Exploring the Stories of the Islands and the Freedoms of Third Age


Almond Blossom Time Is Over: A Slightly Cynical Look at Tenerife Island Festivals

This post began, a couple of weeks back, in a totally different form. Technology killed it. I clicked something I shouldn’t have, and three-quarters of what I’d written was lost in the ether of cyberspace. I had no heart to try to recall lost words. Its time was past.

All of which set me thinking about how we tell time by the revolving customs as well as the seasons.


almond blossom el hierro

As soon as the Kings have hiked on back to Fairyland, I begin to think about almond blossom.  The first ones were spotted this year very early in January, and I missed my usual jaunt over to Santiago del Teide to see them , so I was surprised and happy to spot on orchard in El Hierro, still groaning with blossoms.

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Burial of the Sardine – One of Spain’s weird festivals!

OK, so I implied a few posts back that I was a bit jaded on the subject of Carnaval.  Sunday’s parade in Los Cristianos had been impressive, and I enjoyed it, but there isn’t that tingle of excitement there any more for me.  Monday, however, was a whole other kettle of fish (***sorry about that***)!

In all the years of living here I’d never been to the Burial of the Sardine before,  maybe because the following day was a school day, and by the time the kids were older the shine had worn off.  So perhaps I enjoyed Monday so much because it was a novelty, or perhaps it was because it was more spontaneous and fun and more informal than the big parade.

Spain is known for its weird and wonderful ways of celebrating certain events, and often there is only the flimsiest idea of how some of these traditions began.  The Burial of the Sardine is no exception.  Why would a bunch of perfectly straight, often macho, guys dress up in fishnets, high heels and widow’s weeds, and parade themselves through town, bewailing (and take the “wailing” part of that literally!) the “death” of a giant, papier mache fish?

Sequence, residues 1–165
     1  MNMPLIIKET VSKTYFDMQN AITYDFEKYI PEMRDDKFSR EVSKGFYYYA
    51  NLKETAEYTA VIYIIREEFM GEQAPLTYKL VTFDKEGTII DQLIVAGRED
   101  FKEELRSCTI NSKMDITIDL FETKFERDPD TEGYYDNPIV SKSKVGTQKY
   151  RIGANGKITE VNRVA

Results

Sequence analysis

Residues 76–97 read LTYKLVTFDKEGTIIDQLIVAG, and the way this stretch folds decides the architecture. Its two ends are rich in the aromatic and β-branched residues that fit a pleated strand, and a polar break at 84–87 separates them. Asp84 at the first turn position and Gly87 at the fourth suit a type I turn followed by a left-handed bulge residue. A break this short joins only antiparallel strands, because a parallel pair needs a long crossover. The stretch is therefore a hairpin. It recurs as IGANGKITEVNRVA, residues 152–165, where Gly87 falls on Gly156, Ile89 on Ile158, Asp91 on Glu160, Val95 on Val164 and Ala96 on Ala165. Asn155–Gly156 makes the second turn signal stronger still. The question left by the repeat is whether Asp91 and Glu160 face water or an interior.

This year’s sardine, attended by a couple of “widows”.

So far as I can make out, putting together the different stories so that they make sense, this is what I came up with.  First off, you have to know that Carnaval represents the last blow out before Lent begins.  Lent being the 40 day period when Christians used to forgo meat.  These days it’s generally beer or chocolate people give up, if anything, but back when, they used to become pescatarian until Easter.  Tradition was that a side of pork was buried symbolically marking the beginning of Lent.  So, one year not on record, probably in the 18th Century in Madrid, due to the heat and the fact that Madrid is a fair distance from the coast, sardines which had been taken by the crowds attending the burial of the pork for their lunch, began to go very off, and had to be buried, before the stink got to be too much!

Twilight and the Fish prepares for the journey to meet its fate.